Pulse Wrestling’s Top 100 Wrestlers of the Modern Era: #40 – Kevin Nash

The lucrative success of Kevin Nash’s career amuses and angers people as it reaffirms two great constants of any profession – it’s not what you know but who you know, and likeable personalities have more potential for advancement than more talented yet boring people.


Real NameKevin Nash
AliasesDiesel; Oz; Master Blaster Steel; Vinnie Vegas; Big Sexy
HometownDetroit, Michigan
DebutedSeptember 14, 1990
Titles HeldWCW World Heavyweight Title (5x); WCW World Tag Team (9x, 6 with Scott Hall, 2 with Diamond Dallas Page, 1 with Sting); WWF Championship; WWF Intercontinental Championship; WWF Tag Team Championship (2x, with Shawn Michaels)
Other AccomplishmentsThird ever WWF Triple Crown Winner; WCW World War 3 winner of 1998; Has appeared in various movies, including The Punisher, Teenage Mutant Ninja Turtles II, and Grandma’s Boy; Original choice to portray Sabretooth in X-Men

The lucrative success of Kevin Nash’s career amuses and angers people as it reaffirms two great constants of any profession – it’s not what you know but who you know, and likeable personalities have more potential for advancement than more talented yet boring people. In fact, your opinion of Nash will say as much about yourself as it does about him.

Outsports.com: Does it matter to you if a gay guy is looking at you naked?

Nash: No, as long as he’s looking and approving.

Despite his lazy reputation, Nash has actually spanned four decades as an active athlete… albeit one with a tremendous tendency for sloth-like behaviour. It all began at the University of Tennessee in 1979, where he majored in psychology whilst playing for the Volunteers basketball team. Their coach Don DeVoe, who had a successful college basketball career and led three teams to the NCAA, became so angry at Nash’s lack of work ethic that at one point the two wound up in a shoving contest. Nash wound up transferring to Europe, yet his basketball exploits were brought to a premature close after a ligament tear. Already the basic tenets of Nashdom are evident – not studying psychology, not working all that hard at his chosen sport, not taking any crap from management, not being able to avoid tearing muscles… hell, he was so lazy he didn’t even fight DeVoe but instead gave him some apathetic pushes.

Kevin Nash: I remember being inspired when I had my first chance for the WWF Championship… which it was called back then, the WWF Championship, not WWE… and I went out in front of 29,000 people at Madison Square Garden and defeated him (Bob Backlund) in a record 8 seconds.

Alex Shelley: Does the Garden even hold 29,000 people?

Kevin Nash: Well it did that night.

After spending time in Germany doing servince for NATO, itself the lazy version of a proper army, Nash went back State-side and wound up bouncing at a bar in Michigan. In a curious turn of events, this could later be passed off as preparation for his WWF role. In his defence, he didn’t know he was doing his homework at the time. In 1990 he began working for the NWA and in turn WCW, playing a variety of undercard roles that nobody could possibly take seriously. The first was Steel, one-half of the Master Blasters, the least successful of the Mad Max inspired tag teams of the period. His partner was originally Iron (Cory Pendarvis) and then later Blade (Al “The Dog” Green). Their biggest accomplishment was a victory over Tracy Smothers & Steve Armstrong at Halloween Havoc 1990, which gives you some idea of just how riveting this era of Nashitude truly was.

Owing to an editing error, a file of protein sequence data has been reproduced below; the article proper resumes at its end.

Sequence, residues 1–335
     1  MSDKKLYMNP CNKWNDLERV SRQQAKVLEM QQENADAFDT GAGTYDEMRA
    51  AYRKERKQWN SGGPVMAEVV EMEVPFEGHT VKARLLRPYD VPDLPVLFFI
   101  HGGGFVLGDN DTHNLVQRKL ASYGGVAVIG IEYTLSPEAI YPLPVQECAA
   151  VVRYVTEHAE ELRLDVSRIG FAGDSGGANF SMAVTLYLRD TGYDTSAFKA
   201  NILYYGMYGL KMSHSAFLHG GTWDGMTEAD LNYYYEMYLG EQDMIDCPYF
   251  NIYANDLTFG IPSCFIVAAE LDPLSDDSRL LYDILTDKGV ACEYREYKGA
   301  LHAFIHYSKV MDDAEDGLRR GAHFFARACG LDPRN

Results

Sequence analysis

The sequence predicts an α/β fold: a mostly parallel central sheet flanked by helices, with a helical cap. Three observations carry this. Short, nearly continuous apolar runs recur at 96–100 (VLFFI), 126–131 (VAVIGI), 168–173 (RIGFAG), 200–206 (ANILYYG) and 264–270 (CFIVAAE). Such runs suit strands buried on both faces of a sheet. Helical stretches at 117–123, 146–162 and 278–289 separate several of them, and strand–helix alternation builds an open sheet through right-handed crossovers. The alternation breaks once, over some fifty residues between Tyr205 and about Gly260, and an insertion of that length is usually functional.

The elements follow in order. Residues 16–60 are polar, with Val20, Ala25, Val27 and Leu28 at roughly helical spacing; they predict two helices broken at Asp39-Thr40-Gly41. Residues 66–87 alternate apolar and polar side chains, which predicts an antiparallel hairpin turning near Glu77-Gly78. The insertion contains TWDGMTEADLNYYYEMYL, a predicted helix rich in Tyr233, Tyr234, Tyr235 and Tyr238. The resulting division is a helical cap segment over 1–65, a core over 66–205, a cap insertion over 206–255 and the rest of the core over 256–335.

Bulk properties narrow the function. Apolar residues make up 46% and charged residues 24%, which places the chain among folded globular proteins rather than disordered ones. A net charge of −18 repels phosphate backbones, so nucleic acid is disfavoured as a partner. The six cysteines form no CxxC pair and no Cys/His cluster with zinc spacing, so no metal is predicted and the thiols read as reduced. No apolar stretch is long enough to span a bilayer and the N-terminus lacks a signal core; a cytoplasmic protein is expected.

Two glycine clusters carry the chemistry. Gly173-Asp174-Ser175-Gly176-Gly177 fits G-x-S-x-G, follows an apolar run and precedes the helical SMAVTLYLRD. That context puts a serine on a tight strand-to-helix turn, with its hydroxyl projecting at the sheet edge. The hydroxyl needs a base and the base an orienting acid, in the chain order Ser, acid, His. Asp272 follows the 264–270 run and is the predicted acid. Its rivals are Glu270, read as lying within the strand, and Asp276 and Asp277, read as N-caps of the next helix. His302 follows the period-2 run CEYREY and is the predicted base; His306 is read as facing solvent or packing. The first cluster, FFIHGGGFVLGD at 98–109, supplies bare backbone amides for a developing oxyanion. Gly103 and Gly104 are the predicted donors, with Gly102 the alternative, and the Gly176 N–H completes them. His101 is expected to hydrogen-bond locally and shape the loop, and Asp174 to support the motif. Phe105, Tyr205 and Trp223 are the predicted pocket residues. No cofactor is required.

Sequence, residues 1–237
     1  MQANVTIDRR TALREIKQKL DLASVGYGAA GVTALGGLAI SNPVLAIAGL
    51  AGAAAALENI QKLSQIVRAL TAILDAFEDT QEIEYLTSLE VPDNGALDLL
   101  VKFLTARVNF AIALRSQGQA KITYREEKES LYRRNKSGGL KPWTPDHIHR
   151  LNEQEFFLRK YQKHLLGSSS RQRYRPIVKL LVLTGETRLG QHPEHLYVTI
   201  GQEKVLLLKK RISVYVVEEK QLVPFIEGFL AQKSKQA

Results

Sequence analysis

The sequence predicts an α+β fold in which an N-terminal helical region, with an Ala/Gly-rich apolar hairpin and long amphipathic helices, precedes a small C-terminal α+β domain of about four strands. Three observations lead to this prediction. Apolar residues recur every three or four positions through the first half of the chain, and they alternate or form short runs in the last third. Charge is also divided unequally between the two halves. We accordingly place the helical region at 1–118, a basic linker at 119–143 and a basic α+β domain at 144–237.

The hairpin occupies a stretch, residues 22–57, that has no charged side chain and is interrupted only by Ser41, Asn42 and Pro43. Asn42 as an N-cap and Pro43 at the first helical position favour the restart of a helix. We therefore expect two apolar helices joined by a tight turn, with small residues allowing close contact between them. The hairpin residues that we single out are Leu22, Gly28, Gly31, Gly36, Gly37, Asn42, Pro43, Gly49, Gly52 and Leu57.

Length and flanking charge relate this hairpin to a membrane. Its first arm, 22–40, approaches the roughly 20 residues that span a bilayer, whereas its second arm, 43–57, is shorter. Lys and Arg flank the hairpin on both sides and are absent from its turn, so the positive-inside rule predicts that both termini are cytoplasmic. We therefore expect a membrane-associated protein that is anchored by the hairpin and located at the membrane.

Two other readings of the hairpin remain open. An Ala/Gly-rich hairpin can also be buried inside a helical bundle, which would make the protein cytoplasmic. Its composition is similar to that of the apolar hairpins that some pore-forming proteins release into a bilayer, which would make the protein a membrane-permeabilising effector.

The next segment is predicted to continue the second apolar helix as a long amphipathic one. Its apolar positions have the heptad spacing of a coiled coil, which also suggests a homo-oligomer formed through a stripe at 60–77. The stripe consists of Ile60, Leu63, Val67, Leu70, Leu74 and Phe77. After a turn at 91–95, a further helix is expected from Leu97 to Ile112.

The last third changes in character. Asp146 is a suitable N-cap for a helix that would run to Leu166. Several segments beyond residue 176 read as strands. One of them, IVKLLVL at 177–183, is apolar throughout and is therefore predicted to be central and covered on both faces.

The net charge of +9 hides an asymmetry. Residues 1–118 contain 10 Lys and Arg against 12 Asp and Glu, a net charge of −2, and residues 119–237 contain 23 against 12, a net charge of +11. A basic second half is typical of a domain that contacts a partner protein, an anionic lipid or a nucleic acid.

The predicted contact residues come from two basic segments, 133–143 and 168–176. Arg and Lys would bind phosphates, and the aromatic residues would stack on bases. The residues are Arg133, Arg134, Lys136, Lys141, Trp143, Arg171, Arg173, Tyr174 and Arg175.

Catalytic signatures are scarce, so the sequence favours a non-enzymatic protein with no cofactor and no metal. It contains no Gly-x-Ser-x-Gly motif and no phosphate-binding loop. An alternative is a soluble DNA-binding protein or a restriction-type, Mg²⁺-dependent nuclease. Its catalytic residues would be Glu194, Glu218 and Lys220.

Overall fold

Given how much Nash came to depend on his hair, it’s disconcerting to see it began as a Tatanka proto-do

Next: Oz. No, it was nothing to do with critically-acclaimed televisual explorations of the susceptibility of incarcerated men to rehabilitation or damnation. This was 1991. This was the Wrestling Wizard of Oz. Managed by Merlin. It all unfortunately began at the inaugural Superbrawl, complete with special guest appearances by Dorothy, Tin Man, Scarecrow and Lion. Remarkably, it was not the most bone-headed booking decision WCW would make that year. Again, there was a lesson to be learned here. The whole concept came from WCW’s warm and fuzzy new owners, Time Warner, acquiring the rights to the classic film itself and wanting to promote it in as many (inane) ways as possible. Years later, their newer owners would decide that wrestling sucked and WCW should just fuck off and die. Corporate love is a bitch, as are we all its bitches.

1991 also marked Nash’s big-screen debut as the infamous Super Shredder in Teenage Mutant Ninja Turtles II: The Secret of the Ooze, one of the most choice acting gigs given to a wrestler

At the start of 1992 came perhaps the most sensible gimmick of Nash’s career thus far – Vinnie Vegas, a conman with a penchant for wearing things that were both shiny and purple. Vinnie was briefly a part of the blink-and-you-miss-it A Half Ton Of Holy Hell stable, which was headed by Harley Race and also included Big Van Vader and Curtis Hughes. After this came the Diamond Mine, managed by Diamond Dallas Page and accompanied by Diamond Studd (Scott Hall) and Scotty Flamingo (Raven). Although at one point in time he was arguably the most talented of that group, Hall is the only member of it to have not won a singles world title. His close friendship with Nash began here of course, although he left WCW that year, as did Raven, leaving Nash and Page to form a tag team called the Vegas Connection. Years later, after both had been world champion, Nash and Page would team together as the Insiders and prove to be just as ineffective then as they were before. By the time Halloween Havoc rolled around, they were jobbing to Erik Watts and Van Hammer in a dark match. The writing was not so much on the wall as it was spelled out in bricks, yet the WWF were after someone big and tall for a bodyguard gimmick that would further propel Shawn Michaels’ singles push. With Hall able to put in a good word for him, Nash jumped ship and made his debut as Diesel at a house show in June 1993 to help Michaels retain the Intercontinental Title against Marty Jannetty.

Diesel: Shawn told me his back was hurting him, so I hit him on the back with a chair, to, you know, pop it back in place! I was doing the guy a favor, and now *I’M* the bad guy?